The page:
Federal Reserve officials were cautiously optimistic about their ability to keep rates unchanged this year, but also recognized the new risks associated with the outbreak of coronavirus, showed the minutes of the last meeting of the central bank.
The Fed's management at the last meeting voted unanimously for keeping the rate unchanged in the target range of 1.50-1.75%. The protocol also showed that officials are skeptical about any sharp revision of the inflation target.
"Participants generally considered the distribution of risks for the forecast of economic activity somewhat more favorable than at the previous meeting," the minutes of the meeting, held on January 28-29. The current course of monetary policy is likely to remain appropriate "for some time," the protocol says.
Officials pointed to the level of consumer spending in the U.S., the declining tensions in U.S.-Chinese trade relations and mild financial conditions, arguing their viewpoint. However, it is not known how long such an optimistic assessment could last, given growing concerns about the global economic impact of the coronavirus outbreak that began in China.
Fed Chairman Jerome Powell said last week that it is too early to tell whether the indirect economic impact on the US will be significant enough or lasting to force the regulator to change its current course.
After the outbreak of the virus, investors' forecasts about when the Fed will cut interest rates again shifted by June this year. According to the protocol, officials stressed that this risk "requires close attention".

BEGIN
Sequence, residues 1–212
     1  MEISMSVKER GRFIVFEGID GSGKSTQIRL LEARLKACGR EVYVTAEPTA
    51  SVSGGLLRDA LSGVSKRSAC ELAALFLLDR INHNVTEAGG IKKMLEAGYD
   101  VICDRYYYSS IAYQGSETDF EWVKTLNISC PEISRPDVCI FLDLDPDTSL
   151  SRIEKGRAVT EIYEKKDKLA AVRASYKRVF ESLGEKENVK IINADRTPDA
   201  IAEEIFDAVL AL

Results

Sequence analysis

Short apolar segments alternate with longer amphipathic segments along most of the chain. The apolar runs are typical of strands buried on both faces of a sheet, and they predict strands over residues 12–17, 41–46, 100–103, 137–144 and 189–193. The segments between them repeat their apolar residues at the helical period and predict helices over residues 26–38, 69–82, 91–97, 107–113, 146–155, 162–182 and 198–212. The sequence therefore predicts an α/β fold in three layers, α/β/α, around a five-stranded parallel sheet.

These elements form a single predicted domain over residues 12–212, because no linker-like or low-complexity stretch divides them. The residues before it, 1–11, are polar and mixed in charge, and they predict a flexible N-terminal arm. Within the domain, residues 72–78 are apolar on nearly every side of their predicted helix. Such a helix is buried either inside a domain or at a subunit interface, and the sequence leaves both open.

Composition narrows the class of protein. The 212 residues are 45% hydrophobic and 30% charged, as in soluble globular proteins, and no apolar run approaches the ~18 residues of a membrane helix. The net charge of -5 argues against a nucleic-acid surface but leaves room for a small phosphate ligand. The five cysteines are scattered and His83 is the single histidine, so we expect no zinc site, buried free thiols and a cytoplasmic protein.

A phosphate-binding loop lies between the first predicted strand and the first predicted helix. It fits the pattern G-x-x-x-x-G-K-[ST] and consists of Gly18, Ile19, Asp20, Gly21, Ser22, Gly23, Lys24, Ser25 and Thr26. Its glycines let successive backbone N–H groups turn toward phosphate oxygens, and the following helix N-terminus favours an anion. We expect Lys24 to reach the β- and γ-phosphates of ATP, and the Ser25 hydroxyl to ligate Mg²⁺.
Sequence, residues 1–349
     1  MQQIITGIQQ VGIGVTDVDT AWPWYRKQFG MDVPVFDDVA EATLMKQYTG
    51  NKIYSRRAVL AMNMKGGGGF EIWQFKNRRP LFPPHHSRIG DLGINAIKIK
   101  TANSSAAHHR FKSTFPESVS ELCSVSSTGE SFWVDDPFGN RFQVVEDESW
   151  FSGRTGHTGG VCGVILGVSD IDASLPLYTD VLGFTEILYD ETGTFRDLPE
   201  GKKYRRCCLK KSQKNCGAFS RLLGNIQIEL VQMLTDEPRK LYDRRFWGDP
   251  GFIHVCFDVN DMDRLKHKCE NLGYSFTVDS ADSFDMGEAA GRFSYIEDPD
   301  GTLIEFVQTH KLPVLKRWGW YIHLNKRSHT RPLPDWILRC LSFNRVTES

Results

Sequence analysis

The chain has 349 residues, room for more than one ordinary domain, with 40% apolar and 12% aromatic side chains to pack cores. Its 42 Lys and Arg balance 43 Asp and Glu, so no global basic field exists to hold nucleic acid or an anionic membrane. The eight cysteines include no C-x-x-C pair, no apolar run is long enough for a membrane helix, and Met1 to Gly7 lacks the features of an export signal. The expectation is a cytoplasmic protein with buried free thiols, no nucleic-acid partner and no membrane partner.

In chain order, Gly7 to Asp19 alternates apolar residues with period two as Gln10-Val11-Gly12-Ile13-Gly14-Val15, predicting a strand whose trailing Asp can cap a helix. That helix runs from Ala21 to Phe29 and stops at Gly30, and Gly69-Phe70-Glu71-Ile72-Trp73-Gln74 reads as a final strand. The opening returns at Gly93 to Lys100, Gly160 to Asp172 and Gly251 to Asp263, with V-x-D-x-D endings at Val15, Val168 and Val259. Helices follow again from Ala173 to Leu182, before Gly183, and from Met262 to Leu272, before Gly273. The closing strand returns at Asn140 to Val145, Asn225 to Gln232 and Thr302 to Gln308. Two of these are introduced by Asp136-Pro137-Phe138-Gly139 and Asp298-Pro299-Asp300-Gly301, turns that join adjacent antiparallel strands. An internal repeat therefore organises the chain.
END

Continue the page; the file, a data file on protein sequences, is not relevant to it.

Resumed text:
Despite this, officials were quite optimistic about the economy, expecting consumer spending to "likely remain strong", jobs to grow at a healthy pace, moderate economic expansion to continue and inflation to return to the 2% target. The Fed expects the US economy to grow by 2.0% this year.
This contradicts some economic data published after the meeting. Last week the Department of Commerce reported a slowdown in consumer spending in January. The companies' investments are also in the process of growing recession, while the US manufacturing sector remains weak.
The protocol also showed that Federal Reserve officials discussed steps on the growing balance. Since October, the Central Bank has been buying $60 billion worth of treasury bills every month to increase the level of reserves in the banking system in response to the liquidity crisis.
Powell earlier said that the Fed will seek to start reducing this amount around April-June when the level of reserves in the banking system is likely to be sufficient.